Job, Thomas. Therese (from Emile Zola’s Thérese Raquin). New York, Los Angeles [etc.]: Samuel French, 1947.
by Kiki Black, Jane E. Bolster, and Robert C. Derosa
In act 1, scene 1, the story takes place in Paris, the spring of 1875. There are four occupants chatting in the living quarters above a milliner’s shop: the owner, Mme. Raquin; her invalid son, Camille; his wife (and cousin), Therese; and Camille’s friend, Laurent, an artist. Camille has designed a hat, which he calls “The Boater,” for a wealthy client, Mme. Louise, who hates it and makes a fuss about it. It’s soon discovered that Therese and Laurent are secret lovers. A friend, Grivet, arrives for a weekly dominoes game, followed by Inspector Michaud and his niece, Suzanne. Inspector M. talks about a murder he encounters on the way, which leads to a discussion of murderers getting away with their crimes. Therese goads Laurent and mocks Camille’s fear of boats which prompts Grivet to say, “Accidents happen anywhere.”
In scene 2, the following Sunday evening in Mme. Raquin’s living room, the adults are waiting for Therese, Laurent, Camille, and Suzanne to return from a boating trip. They are engaged in light conversation while Inspector M. and Grivet play dominoes. Grivet finds Laurent’s unfinished portrait of Camille and calls it “modern” after the Inspector comments on its faceless appearance. Suzanne returns to the house alone; she has missed the rendezvous, and, instead, has spent the day with a Charles Beauchamp. Therese and Laurent eventually return without Camille. Laurent, agitated, explains to Mme. Raquin about the terrible accident of Camille’s drowning. Mme. Raquin is disbelieving until Therese and Laurent convince her that Camille is dead.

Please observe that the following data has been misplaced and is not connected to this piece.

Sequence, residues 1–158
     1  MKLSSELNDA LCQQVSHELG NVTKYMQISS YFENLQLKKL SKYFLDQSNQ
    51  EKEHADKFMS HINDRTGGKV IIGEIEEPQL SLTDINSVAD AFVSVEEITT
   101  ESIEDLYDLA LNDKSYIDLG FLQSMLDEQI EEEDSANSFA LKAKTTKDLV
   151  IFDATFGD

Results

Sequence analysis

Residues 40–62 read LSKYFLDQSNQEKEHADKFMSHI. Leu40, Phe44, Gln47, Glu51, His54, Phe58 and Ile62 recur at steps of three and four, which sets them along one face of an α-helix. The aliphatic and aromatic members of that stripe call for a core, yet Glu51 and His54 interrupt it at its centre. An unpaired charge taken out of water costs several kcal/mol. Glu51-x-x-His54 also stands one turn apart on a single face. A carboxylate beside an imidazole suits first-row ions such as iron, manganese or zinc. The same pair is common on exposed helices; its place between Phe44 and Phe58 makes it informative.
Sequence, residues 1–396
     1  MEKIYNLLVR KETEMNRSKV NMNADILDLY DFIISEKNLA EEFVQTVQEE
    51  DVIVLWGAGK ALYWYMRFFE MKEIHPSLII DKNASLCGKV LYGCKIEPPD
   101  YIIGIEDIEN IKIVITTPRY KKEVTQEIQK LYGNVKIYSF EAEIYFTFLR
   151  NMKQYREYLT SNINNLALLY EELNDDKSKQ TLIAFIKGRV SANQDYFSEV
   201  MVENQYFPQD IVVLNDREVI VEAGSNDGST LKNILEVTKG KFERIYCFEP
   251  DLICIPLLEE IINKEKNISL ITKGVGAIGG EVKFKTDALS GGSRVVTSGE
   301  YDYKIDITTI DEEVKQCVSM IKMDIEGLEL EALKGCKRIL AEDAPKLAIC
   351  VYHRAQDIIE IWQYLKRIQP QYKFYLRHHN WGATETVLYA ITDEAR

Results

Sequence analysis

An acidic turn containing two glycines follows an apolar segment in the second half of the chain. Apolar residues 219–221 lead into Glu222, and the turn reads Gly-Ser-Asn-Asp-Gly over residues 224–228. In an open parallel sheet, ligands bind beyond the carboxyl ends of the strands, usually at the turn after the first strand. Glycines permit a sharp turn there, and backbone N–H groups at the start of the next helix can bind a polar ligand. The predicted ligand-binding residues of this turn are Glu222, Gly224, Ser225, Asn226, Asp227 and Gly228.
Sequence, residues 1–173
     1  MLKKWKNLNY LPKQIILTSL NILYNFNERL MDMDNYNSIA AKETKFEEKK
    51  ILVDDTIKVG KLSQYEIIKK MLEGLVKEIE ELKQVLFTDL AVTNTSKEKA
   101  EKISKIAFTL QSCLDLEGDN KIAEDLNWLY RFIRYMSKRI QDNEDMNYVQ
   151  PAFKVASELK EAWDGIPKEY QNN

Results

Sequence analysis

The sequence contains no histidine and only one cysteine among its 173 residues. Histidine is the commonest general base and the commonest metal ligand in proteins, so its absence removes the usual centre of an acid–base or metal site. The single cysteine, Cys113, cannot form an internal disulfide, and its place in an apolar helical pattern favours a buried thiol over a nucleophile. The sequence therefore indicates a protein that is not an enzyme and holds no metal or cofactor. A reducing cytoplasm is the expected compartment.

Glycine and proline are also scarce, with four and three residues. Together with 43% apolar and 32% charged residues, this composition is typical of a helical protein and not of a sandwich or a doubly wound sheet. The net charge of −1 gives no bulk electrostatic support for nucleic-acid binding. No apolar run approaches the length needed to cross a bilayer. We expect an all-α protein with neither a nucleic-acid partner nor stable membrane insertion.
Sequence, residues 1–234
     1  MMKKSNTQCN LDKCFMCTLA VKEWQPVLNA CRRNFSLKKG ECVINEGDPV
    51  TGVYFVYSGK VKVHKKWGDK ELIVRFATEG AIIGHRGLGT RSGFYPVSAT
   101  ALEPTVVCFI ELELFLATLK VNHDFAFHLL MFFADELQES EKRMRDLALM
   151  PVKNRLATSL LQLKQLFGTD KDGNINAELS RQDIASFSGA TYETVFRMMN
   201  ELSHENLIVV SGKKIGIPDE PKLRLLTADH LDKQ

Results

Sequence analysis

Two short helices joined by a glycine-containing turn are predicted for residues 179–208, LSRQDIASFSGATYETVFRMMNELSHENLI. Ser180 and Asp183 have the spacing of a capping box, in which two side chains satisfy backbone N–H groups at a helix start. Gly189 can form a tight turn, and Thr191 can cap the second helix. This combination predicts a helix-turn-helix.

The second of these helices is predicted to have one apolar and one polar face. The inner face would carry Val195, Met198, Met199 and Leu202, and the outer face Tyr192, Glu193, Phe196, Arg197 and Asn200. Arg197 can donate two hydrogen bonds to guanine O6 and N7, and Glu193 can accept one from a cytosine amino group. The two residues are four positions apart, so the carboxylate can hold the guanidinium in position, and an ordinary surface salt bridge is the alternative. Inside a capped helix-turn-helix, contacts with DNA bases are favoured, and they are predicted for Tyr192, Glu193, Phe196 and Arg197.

In act 2, scene 1, it’s a year later, in the Raquin home, on Therese and Laurent’s wedding eve. Their guests gather in the living room which is swathed in new fabrics, and flowers and candles are everywhere to honor Laurent and Therese’s marriage. Suzanne discovers and displays Laurent’s portrait of a faceless Camille. Suzanne, Mme. Louise, the Inspector, and Grivet make remarks about eeriness of the living room and the house. When Therese and Laurent are alone, they speak of Camille – how he looked faceless at the morgue. Mme. Raquin appears and overhears Therese and Laurent discussing their murder of Camille; Mme. Raquin suffers a paralyzing stroke.
In scene 2, six months later, in a now shabby apartment, Suzanne arrives to announce her engagement to Charles Beauchamp. Therese and Laurent quarrel about their lack of money, Laurent’s drunken ways, the details of Camille’s murder, and the wheelchair-bound Mme. Raquin. Mme. Louise enters, and she and Therese settle on a plan to commit Mme. Raquin to a hospital mental ward, the fees paid by Mme. Louise. Inspector Michaud and Grivet arrive to visit Mme. Raquin. They play dominoes over a discussion about The Market Garden murderer’s conviction and guillotine sentence. Mme. Raquin suddenly moves her hand to form letters with the dominoes to expose the killers: she begins to spell out Laurent’s and Therese’s names, which triggers Laurent’s confession to the drowning murder of Camille. Upon hearing this, Mme. Raquin dies. The Inspector begins his criminal proceedings of Laurent. Therese acknowledges her love for Laurent and says that all four of them – Mme. Raquin, Camille, Laurent and she – will finally be at peace.